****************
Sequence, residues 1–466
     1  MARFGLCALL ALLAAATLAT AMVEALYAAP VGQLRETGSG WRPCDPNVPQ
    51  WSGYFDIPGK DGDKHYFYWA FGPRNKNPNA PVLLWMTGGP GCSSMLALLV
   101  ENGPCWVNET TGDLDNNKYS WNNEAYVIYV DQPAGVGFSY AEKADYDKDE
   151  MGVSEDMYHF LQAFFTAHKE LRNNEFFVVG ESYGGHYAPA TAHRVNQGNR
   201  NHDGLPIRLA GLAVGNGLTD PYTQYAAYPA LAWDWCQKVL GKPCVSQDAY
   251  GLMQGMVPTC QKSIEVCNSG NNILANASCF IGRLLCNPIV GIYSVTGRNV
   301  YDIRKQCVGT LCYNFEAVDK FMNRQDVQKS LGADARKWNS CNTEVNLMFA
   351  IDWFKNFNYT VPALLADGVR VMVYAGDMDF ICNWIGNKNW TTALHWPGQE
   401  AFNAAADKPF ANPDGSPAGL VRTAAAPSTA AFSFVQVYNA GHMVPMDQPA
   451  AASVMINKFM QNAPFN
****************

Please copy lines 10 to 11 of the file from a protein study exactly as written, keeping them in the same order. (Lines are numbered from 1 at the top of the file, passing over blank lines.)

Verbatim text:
   401  AFNAAADKPF ANPDGSPAGL VRTAAAPSTA AFSFVQVYNA GHMVPMDQPA
   451  AASVMINKFM QNAPFN